A blurb on the back of the book compares this one to a Black Mirror episode, and I find I don’t have much more to say about it. That is very accurate, but it wouldn’t be one of those episodes the internet is on fire about the next day.
In the (probably not-too-distant future), corporations have taken over the world, and the US has been renamed QualityLand. People are assigned levels, and the higher your level, the more perks you get (high level people can stop traffic to cross the road, low level people get waited on last even if they were first in line at the restaurant, etc.). One giant Amazon-like store has everything, and sends drones out to you with whatever you want, based on your profile. Peter is a low level machine scrapper, and he receives a pink dolphin sex toy he swears up and down he doesn’t want, but the company won’t let him return it. So Peter sets out on a very thin quest to prove that his profile is wrong, and even if it wasn’t, a person is more than their profile.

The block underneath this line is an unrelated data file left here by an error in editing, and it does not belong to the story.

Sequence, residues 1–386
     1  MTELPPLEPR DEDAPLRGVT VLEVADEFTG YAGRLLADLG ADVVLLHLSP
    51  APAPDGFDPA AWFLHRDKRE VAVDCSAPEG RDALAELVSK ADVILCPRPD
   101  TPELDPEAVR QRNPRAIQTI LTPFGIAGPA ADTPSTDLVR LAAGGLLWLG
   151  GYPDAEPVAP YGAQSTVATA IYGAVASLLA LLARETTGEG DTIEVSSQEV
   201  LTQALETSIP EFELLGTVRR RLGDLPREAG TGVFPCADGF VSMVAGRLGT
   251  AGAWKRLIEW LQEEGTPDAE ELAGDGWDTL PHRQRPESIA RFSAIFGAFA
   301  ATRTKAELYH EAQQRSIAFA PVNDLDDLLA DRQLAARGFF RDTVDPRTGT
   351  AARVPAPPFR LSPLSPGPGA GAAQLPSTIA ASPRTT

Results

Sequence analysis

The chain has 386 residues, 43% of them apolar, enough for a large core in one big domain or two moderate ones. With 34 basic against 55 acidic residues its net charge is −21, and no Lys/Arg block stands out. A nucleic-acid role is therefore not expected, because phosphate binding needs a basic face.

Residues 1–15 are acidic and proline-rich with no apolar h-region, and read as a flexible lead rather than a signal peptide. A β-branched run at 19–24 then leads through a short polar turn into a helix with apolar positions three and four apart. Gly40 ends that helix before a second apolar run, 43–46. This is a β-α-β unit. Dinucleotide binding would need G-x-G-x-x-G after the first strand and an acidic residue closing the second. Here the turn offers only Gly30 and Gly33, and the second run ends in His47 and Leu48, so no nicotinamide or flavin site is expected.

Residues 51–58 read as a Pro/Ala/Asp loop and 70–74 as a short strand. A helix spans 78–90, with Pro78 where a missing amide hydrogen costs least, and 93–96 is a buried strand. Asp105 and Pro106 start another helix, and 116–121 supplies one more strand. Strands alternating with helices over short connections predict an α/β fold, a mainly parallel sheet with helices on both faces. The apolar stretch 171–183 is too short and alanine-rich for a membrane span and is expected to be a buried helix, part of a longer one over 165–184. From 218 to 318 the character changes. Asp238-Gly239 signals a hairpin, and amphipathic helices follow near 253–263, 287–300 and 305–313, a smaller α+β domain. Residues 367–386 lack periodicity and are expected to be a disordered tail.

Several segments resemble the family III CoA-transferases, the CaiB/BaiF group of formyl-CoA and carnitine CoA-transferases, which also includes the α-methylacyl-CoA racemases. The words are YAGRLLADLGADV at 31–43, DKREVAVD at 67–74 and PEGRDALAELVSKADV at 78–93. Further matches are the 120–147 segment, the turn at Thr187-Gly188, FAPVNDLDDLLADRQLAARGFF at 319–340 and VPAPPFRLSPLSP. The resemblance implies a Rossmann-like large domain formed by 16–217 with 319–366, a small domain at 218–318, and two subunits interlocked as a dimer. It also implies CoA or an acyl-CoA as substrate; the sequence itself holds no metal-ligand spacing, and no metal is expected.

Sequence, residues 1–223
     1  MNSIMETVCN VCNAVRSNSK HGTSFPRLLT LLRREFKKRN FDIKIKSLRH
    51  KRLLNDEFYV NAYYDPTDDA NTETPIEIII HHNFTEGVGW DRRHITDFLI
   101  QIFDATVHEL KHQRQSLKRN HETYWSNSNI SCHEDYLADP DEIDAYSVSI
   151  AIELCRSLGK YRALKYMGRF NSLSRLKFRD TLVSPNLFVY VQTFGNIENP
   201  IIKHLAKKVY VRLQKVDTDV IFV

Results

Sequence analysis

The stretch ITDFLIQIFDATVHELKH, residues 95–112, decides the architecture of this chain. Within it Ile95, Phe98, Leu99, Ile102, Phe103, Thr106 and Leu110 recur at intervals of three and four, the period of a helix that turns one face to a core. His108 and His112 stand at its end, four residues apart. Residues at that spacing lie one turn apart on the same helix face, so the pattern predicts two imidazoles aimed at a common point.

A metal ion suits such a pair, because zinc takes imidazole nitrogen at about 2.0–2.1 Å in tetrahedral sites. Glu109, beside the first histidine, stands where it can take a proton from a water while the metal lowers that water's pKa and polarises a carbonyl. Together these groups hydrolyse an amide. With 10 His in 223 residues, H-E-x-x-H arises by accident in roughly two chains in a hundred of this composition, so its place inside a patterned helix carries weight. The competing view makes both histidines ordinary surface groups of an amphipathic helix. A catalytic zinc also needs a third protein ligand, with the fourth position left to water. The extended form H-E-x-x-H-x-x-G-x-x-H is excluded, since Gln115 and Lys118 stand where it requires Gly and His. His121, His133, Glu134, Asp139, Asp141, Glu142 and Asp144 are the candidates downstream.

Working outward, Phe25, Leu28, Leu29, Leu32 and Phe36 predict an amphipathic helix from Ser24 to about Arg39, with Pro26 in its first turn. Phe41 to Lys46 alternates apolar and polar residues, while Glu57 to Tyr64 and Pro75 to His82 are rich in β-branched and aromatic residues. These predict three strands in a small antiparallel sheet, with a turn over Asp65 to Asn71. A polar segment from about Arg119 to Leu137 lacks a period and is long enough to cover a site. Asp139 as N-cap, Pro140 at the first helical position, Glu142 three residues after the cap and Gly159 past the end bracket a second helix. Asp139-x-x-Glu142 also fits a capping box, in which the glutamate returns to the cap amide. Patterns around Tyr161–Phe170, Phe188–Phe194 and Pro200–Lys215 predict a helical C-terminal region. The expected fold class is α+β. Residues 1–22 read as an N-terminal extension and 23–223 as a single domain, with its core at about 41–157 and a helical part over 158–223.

He has some help along the way: two people who live off the grid (one of whom is female, and therefore the love interest, just because), and a bunch of machines he didn’t scrap in his shop. The book feels like it thinks it’s deep, warning about the dangers of social media, consumerism, categorizing people, blah blah blah, but it’s all too obvious to be thought-provoking. Yes, we’ve all sold our souls for cell phones and the internet, but it feels like this cautionary tale has come too late.